They stalk their prey like tiny, eight-legged tigers, slowly sneaking up on them before pouncing. Once they’ve caught their prey, usually small insects or other spiders, they inject venom to immobilize and begin the digestion process. The spider then consumes the liquified insides of their prey.
Table 1. Typical Prey Items for Jumping Spiders
|Small Insects||Jumping spiders usually feed on small insects such as flies and mosquitoes.|
|Other Spiders||Jumping spiders are known to be cannibalistic, often feeding on other smaller spiders, including those of their own species.|
|Arthropods||Some larger species of jumping spiders can prey on small crustaceans and other arthropods.|
How long do jumping spiders live?
Jumping spiders, like most spiders, have relatively short lifespans. In the wild, they tend to live for about a year, though some females may live longer if conditions are right. In captivity, with a steady diet and no predators, they can live up to 2-3 years, though this can vary depending on the species and individual spider’s health.
Do jumping spiders make good pets?
I get asked this question often: Are jumping spiders good pets? Based on my personal experience, I would say yes, they do make fascinating pets. They’re active and highly curious during the day, which allows for plenty of observation and interaction.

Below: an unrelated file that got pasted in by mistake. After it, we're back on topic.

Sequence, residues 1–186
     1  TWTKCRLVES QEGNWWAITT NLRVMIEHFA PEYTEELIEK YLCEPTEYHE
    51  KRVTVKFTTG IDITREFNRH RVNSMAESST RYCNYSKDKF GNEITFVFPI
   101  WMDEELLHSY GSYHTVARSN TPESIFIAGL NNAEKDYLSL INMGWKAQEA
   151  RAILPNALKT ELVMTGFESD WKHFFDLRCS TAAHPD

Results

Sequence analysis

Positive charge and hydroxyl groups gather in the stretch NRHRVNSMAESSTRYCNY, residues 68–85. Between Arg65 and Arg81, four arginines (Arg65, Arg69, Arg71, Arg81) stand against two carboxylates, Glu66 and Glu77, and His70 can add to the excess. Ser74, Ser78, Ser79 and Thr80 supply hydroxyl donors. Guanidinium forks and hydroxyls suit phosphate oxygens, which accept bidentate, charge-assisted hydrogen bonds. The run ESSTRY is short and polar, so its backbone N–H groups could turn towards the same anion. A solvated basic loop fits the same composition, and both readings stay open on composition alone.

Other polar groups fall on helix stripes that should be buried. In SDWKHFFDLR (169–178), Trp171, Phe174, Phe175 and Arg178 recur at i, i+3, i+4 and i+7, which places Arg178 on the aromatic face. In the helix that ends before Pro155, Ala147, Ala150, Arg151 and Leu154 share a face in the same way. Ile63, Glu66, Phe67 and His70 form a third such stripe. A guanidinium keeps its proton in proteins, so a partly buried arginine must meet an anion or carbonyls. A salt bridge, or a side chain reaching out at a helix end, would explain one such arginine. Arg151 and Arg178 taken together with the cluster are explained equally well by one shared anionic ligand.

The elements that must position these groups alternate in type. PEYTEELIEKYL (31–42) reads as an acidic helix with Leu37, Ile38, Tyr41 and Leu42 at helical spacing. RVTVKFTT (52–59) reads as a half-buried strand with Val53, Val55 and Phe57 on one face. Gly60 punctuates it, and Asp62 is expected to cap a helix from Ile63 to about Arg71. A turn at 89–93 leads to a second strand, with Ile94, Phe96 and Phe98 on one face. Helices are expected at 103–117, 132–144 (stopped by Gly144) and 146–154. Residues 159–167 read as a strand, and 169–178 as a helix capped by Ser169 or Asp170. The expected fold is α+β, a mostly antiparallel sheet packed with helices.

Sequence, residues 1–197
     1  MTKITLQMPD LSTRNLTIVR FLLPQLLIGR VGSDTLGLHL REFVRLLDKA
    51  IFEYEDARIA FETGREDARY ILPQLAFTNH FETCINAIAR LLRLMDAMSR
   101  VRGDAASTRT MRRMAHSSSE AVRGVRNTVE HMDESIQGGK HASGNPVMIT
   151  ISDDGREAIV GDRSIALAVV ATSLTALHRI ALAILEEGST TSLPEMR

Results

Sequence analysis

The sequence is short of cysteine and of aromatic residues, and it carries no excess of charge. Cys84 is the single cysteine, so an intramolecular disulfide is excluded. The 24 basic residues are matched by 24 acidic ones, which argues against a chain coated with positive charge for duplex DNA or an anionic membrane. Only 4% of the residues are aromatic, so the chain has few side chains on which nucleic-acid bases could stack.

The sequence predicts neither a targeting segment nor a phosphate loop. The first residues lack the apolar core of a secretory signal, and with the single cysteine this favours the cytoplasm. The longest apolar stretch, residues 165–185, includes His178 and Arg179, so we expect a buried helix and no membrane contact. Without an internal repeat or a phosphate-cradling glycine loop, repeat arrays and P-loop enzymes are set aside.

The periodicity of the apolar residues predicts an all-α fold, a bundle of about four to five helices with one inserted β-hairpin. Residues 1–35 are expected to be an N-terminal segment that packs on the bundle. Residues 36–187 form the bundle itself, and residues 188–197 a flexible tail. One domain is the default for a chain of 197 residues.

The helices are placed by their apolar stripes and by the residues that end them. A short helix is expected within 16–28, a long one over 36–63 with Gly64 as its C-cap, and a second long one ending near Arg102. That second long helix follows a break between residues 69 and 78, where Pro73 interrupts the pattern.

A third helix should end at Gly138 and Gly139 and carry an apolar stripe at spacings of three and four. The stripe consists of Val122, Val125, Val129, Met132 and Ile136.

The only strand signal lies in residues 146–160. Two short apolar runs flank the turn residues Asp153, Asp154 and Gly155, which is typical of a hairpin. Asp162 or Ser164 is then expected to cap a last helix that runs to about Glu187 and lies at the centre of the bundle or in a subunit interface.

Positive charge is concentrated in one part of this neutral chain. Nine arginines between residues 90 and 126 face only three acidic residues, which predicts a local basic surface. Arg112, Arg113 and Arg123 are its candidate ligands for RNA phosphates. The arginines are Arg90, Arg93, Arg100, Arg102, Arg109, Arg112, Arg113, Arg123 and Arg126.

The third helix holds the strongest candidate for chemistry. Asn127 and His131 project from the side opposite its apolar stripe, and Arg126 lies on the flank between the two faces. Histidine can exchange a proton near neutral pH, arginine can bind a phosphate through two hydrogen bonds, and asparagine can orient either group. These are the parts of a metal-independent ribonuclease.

They have distinctive, individual personalities, and their hunting antics never cease to amuse. Plus, their care requirements are pretty straightforward, which makes them a good choice for beginners. But remember, like any pet, they require commitment and proper care.
5 Fascinating Facts About Jumping Spiders
- Exceptional Vision: Jumping spiders have some of the best vision among invertebrates and use it to navigate their world, identify their prey, and even communicate with other spiders.
- Colorful Characters: Many species of jumping spiders are brightly colored and have intricate patterns. Some species even have iridescent scales, which can make them surprisingly beautiful.
- Courtship Dance: Male jumping spiders perform elaborate dances to attract females. These dances often involve complex leg movements and display of their bright colors.
- Small but Mighty: Despite their small size, jumping spiders can take down prey larger than themselves. They use their speed, precision, and venom to overcome their prey.
- Intelligent Hunters: Studies have shown that jumping spiders have high cognitive abilities for their size. They don’t just react to stimuli, but can plan and carry out complex hunting strategies.
Do jumping spiders bite?
The thought of a spider bite can be unsettling for many. However, fear not! While jumping spiders can bite, they rarely do so unless provoked or threatened.
Even in those rare cases, their bite is usually no more painful than a bee sting, and their venom poses no threat to humans, unless an individual has an allergic reaction.
Do Jumping Spiders make webs? Conclusion…
So, to revisit our initial question, do jumping spiders make webs? Technically, they do produce silk and can create web-like structures, but not in the conventional sense we often associate with spiders. They do not create the classic, ornate webs used for trapping prey. Instead, they use their silk in practical and innovative ways, such as safety lines during their acrobatic leaps, creating nests, or even ballooning to new locations.